“It is a serious thing to live in a society of possible gods and goddesses, to remember that the dullest and most uninteresting person you can talk to may one day be a creature which, if you saw it now, you would be strongly tempted to worship, or else a horror and a corruption such as you now meet, if at all, only in a nightmare. All day long we are, in some degree, helping each other to one or the other of these destinations… There are no ordinary people. You have never talked to a mere mortal.”

I long for a world, for a community, for our College, to be a place with a living and active wonder for the persons we serve and with whom we work, what I might call a “sacred anthropology.” I long for racism to end and justice to thrive, for opportunity to be real, for relationships to be full of grace and mutual regard, and for our work to be joyfully inclusive, what Robert Frost called “play for mortal stakes.”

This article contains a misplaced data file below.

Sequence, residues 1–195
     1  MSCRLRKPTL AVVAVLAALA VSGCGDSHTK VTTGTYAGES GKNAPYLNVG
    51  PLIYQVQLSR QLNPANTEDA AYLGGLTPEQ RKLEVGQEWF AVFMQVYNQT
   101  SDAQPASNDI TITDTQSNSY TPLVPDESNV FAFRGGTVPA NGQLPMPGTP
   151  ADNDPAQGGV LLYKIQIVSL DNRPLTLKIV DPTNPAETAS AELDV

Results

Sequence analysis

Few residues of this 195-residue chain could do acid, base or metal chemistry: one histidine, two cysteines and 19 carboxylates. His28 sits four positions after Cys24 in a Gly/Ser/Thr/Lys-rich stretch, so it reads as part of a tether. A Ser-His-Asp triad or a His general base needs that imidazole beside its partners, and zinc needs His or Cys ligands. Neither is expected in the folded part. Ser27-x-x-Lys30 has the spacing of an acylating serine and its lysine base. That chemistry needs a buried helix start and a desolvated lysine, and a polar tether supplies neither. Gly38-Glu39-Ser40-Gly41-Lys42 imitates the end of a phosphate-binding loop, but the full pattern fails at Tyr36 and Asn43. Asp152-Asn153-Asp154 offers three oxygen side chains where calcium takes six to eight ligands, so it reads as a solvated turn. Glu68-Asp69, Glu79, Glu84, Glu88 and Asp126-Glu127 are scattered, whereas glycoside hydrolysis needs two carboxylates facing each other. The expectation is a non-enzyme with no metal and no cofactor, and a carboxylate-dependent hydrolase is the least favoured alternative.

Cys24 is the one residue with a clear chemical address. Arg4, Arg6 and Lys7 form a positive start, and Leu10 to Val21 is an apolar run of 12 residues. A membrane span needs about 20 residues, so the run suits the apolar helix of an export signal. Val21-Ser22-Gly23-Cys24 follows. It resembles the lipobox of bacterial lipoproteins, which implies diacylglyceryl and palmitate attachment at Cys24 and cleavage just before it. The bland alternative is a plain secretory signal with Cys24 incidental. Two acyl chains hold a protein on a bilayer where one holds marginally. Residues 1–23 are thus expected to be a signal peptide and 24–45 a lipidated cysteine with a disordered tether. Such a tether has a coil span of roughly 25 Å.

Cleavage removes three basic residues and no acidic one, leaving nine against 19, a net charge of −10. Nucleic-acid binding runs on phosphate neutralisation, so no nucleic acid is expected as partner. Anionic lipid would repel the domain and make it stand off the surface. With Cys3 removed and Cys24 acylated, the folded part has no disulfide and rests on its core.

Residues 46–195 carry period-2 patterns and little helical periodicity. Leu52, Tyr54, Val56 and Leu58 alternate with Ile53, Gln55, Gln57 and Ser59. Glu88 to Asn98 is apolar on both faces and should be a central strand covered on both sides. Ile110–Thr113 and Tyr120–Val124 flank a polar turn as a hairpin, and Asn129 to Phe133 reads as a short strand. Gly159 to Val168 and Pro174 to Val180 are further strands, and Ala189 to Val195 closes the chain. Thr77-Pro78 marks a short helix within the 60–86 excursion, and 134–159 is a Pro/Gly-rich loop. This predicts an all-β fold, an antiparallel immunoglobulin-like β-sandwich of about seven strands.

And I long for, and further, insist that everything we plan and do at Valencia includes an explicit and enduring commitment to building a college and a community on a cornerstone of just treatment for every person. We can begin by doubling down on work that has been ongoing at the College through the Peace and Justice Institute, Circles of Belonging, reading circles, SEED, and other approaches for addressing implicit bias in the classroom, employment and engagement of our whole learning community. I expect this commitment to be clearly evident in the budgets and plans we make for the coming years.